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July 1, 2012

HOVG Heroes: Ken Boyer


My name is Gene Hutmaker and I am the self-proclaimed Yankee Hater. I am the biggest Yankee Hater on this planet Earth as I go about 230 pounds.

Living in Yankee country in South Brunswick, New Jersey, plus having two Yankee-lovin' sons doesn't make it easy, but that hasn't stopped my ranting about baseball's “Evil Empire”.

Years ago, my sons challenged me to put my money where my mouth was and put pen to paper. My son Dr. Michael Hutmaker, a Dean at Manhattan Community College, is a reluctant (for obvious reasons) co-author.  My other pinstriped son, Chris, a Columbia and Wharton graduate also contributed. 

Both opted to keep it PG. 

Together, we authored Banned in the Bronx, The Yankee Haters Memoirs: 1953-2005.  It has a sub-agenda to get Yankee killer Ken Boyer into the Hall of Fame.

In 1981, I focused my agenda on Baseball Digest who, in April of that year, omitted Boyer in an article they titled “These Greats Belong in the Hall of Fame”.

Here is that letter:

Regarding the article “These Greats Belong in the Hall of Fame”, I was not surprised to see no mention of Ken Boyer, a third baseman.  He must be the most outstanding overlooked third baseman in the history of the game.

During his prime years, mid – 1950 to the mid – 1960’s playing for St. Louis, Ken Boyer received his due recognition, constantly being a member of the NL All-Star team.  But, now whenever great third basemen are written about, Ken Boyer always seems to be left out.  Why?  It is beyond my comprehension?

Consider his batting stats- .287 lifetime average, 2143 hits, 318 doubles, 287 homers, 1104 runs scored, 1141  RBIs .  His overall hitting (average plus power) ranks him as one of the best hitting third baseman of all time.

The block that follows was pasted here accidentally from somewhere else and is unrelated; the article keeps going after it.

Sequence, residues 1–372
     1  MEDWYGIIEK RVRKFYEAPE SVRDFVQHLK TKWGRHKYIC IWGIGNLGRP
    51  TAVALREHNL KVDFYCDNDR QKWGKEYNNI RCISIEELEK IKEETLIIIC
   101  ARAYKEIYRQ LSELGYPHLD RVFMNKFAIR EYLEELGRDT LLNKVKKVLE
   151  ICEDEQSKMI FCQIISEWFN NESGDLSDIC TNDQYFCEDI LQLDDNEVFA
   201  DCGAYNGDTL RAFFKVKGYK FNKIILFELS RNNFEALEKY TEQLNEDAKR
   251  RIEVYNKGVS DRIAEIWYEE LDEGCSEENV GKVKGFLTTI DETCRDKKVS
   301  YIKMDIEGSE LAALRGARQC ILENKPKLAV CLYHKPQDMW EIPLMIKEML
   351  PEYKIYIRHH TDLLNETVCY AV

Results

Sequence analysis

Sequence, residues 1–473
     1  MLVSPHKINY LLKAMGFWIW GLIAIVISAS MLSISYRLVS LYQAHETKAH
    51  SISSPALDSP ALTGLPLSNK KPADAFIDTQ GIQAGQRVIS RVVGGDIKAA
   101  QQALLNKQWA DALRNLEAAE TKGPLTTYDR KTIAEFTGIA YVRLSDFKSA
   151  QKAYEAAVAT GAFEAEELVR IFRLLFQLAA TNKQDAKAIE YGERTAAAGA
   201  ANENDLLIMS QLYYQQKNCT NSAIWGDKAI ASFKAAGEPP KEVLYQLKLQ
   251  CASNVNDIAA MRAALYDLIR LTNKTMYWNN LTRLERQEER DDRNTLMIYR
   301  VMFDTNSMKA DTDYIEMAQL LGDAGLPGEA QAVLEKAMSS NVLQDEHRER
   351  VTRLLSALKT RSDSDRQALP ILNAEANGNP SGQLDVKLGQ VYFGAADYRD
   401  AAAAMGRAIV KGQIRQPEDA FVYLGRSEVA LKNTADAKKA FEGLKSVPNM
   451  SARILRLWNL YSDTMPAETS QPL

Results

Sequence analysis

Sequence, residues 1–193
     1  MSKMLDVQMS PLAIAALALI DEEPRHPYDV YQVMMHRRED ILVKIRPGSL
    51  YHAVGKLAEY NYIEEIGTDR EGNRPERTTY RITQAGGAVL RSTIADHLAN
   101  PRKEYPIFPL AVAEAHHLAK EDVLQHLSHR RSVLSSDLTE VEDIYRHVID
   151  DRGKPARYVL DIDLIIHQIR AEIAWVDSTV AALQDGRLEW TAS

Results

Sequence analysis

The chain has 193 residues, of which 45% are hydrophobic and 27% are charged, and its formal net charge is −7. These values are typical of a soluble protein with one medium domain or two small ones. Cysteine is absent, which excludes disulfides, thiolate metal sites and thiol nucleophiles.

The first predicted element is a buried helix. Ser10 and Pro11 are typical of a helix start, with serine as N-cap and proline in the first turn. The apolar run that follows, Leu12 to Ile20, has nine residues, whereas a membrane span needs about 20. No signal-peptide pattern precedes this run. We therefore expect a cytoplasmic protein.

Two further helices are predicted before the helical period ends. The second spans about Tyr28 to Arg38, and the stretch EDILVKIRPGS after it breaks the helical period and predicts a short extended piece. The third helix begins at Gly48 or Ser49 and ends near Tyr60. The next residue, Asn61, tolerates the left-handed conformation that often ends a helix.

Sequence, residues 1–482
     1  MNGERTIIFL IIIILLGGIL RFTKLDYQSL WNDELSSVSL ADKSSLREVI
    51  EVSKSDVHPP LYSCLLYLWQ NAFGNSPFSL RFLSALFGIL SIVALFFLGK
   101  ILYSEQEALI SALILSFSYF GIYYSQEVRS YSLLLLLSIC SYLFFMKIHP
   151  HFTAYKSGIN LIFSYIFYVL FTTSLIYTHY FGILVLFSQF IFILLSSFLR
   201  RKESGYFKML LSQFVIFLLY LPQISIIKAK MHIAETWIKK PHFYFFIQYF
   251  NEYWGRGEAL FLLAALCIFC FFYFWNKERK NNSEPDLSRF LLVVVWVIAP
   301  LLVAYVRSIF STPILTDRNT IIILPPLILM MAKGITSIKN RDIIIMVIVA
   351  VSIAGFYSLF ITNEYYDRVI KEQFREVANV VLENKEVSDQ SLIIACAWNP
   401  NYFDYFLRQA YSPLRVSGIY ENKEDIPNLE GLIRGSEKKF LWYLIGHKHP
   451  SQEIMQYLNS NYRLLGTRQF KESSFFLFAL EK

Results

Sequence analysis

Consider his defense.  During his prime years he was regarded as the top fielding third baseman in the NL – 5 times winning the Gold Glove Award.

Consider his only World Series in 1964; he made several outstanding defensive plays.  Although only hitting .222 he came through in the clutch.  He won the 4th game with a grand slam, 4-3, and he led St. Louis to a 7-5 victory in the final 7th game over the Yanks.  In that final game he went three for four with a single, double and homer sparking every St. Louis rally.

Ken Boyer’s caliber of performance is worthy of “Hall of Fame” selection.

Gene R. Hutmaker
Kendall Park, NJ


Gene Hutmaker is a lifelong baseball fan.  For more than fifty years, he has observed the game from every possible vantage point…player, coach, umpire and, most importantly, as a fan.  His ability to recall obscure facts and stats has earned him the moniker "The Baseball Rainman".  Hutmaker recently retired from the U.S. Postal Service after 40 years and is a VietNam Army Veteran.

You can pick up Hutmaker’s book Banned in the Bronx, The Yankee Haters Memoirs: 1953-2005 over at his website or at its current home…the National Baseball Hall of Fame in Cooperstown.

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